Code written needs to be debugged. Remind your students
- If code doesn’t work as expected, then by definition one does not understand what is going on.
- Don’t write more code. Debug what you have written.
- The hard part is often finding the bug. Once one knows where it is in the code, it can be easy to fix.
Trace the execution
When the program has an error and it is not clear what causes it, ask your students to trace through the execution of the program using pencil and paper. Make sure they execute the program and not what they think the program is doing. This process can get tedious when there are longer loops. However, many errors can be recreated on small input sets. In particular, errors are often caused by incorrect handling of boundary situations. Alternatively, students can use PythonTutor (http://pythontutor.com) to follow the execution.
Tracing is most effective for small programs. It often makes students realize what is really happening and helps them understand how to correct the code.
Use print statements
Print statements provide a record of the history of the execution. Common errors like “list index out of range” caused by incorrect use of the range function can often be detected by adding print statements. However, too much output generated by print statements can be overwhelming.
Print statements show what is happening and not whether there’s a problem or not. However, taking a careful look at what is printed can help one understand why things are not going as expected. Printing does not stop execution and may not be helpful when there is an infinite loop.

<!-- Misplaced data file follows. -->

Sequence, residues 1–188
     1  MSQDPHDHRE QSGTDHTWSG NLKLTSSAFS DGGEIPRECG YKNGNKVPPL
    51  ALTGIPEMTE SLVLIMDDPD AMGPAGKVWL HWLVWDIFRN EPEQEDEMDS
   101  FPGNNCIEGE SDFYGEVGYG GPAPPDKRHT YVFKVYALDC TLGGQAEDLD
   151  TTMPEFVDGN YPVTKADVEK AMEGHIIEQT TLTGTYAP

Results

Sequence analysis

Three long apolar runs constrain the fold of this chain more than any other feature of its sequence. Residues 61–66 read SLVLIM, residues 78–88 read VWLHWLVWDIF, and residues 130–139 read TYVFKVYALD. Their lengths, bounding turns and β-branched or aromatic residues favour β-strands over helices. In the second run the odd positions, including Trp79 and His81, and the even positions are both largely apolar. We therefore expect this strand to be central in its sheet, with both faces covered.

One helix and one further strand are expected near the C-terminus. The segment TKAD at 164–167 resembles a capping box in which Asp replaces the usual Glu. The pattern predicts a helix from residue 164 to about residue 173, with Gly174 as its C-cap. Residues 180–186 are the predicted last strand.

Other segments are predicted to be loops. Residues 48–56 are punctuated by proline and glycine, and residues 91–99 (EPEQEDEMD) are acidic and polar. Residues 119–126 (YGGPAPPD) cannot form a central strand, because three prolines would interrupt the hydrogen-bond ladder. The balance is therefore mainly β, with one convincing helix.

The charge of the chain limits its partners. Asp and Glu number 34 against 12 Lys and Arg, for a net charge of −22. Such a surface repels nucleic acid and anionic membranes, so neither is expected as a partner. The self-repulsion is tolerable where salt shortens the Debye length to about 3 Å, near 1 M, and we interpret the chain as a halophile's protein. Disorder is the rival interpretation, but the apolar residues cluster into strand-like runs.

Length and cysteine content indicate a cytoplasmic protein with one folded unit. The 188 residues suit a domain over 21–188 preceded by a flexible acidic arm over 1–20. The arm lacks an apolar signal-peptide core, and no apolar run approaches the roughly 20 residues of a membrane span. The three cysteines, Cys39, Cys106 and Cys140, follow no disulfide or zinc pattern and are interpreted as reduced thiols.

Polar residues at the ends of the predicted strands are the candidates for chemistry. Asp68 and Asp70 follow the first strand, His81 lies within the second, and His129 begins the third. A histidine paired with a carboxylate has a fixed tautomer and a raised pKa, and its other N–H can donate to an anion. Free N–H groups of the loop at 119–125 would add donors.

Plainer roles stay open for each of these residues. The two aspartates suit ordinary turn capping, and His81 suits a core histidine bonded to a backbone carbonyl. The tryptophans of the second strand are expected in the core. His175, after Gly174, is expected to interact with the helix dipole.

A common tendency is to print too much. Not all values printed shed light into what causes the problem. When testing code incrementally we may add print statements only for the parts being tested. Remind student to remove print statements when no longer needed.
Use a debug switch to enable/disable print statements
Instead of removing debug messages, have a switch to enable or disable the debug messages. It is likely that this is not going to be the last time you will debug the program. It is convenient to have a debug switch that you can turn on when you are debugging to get extra information. Only do this for the most important messages. Too many messages may be overwhelming.
# Euclid's algorithm for computing the gcd # define the switch debug = True a = 144 b = 27 while b != 0: gcd = b b = a % b a = gcd if debug: print 'The values of a and b are',a,b print 'The GCD of a and b is', gcd
Assertions are a systematic way to check that the internal state of a program is it should be. If the program is not doing what you expect, it most likely has a bug. Python’s “assert” checks a condition; if it is true, it does nothing; if it is false, it raises an AssertionError with an optional error message.
For example: (code is from M&C4: Infinite Loops)
i = 1 while i != 100: print i i = i + 7 assert 100 % i == 0, 'The loop will not be terminated correctly.'
In the program above, every time we add 7 to variable i and the loop will be terminated when i is equal to 100. However, if i never becomes the value 100, it will lead to an infinite loop. We add an assert statement after we increase the value of i to see if there will be an infinite loop.
The assert statement raises an exception if some condition is not met, and does nothing if everything works.